Rave Racer is pretty much the ultimate edition of the original Ridge Racer. It comes complete with two variations on the track from the original with the addition of two all new tracks. One is a mountain pass, and the other is set in a city, presumably Ridge City. Though any attempts at Ridge Racer lore are a bit premature at this point. Rave Racer also has all of the additions brought on with Ridge Racer 2, with some fairly dramatically improved visuals as well.
Whereas Ridge Racer 2 added some billboards here and there, Rave Racer replaces most of the billboards and adds a significant number of sprites along the side of the track. It sounds like a small touch, but it really adds a lot of life to the already iconic track. Now, when you're passing the beach, you are greeted with a mass of people in swim trunks and bikinis, some with surf boards. And the rest of the track is smattered with onlookers behind the barricades. Like I said, it's a small touch, but a welcome one.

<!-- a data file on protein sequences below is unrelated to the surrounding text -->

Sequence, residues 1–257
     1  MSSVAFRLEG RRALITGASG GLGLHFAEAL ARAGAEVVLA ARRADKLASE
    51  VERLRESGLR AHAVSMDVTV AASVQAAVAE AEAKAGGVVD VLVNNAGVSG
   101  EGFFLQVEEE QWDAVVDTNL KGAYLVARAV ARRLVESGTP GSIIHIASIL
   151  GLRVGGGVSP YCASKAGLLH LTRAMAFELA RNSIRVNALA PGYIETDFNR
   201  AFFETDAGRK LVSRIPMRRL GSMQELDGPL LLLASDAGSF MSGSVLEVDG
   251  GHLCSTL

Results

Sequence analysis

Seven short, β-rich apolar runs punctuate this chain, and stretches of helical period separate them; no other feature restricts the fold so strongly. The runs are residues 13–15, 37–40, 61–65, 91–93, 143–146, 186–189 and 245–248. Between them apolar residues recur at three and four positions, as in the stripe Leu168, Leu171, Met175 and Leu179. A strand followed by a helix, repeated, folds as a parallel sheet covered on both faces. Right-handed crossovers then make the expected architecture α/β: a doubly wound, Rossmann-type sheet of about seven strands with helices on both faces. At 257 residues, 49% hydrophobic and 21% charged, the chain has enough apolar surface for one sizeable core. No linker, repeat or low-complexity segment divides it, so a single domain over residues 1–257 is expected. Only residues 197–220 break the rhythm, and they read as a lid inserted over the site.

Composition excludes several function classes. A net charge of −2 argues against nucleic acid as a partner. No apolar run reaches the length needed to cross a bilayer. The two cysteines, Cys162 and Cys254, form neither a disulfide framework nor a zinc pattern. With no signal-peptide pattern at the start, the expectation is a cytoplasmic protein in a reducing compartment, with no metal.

I mentioned billboards, and the Ridge Racer games are pretty famous for cramming just about anything Namco related into every conceivable corner of their tracks. One of the more interesting little additions in Rave Racer is the billboard you see coming out of the first tunnel. What's so interesting about it is the grid girl on it, who looks suspiciously like the girl in the attract screen, who, herself, looks suspiciously like Reiko Nagase. Now, Reiko doesn't officially make her debut in the Ridge Racer series until I guess Rage racer, in 97, but it's a fun little detail detail to catch, as it was a busy couple years for the franchise, and there's a lot of shared DNA among these early games.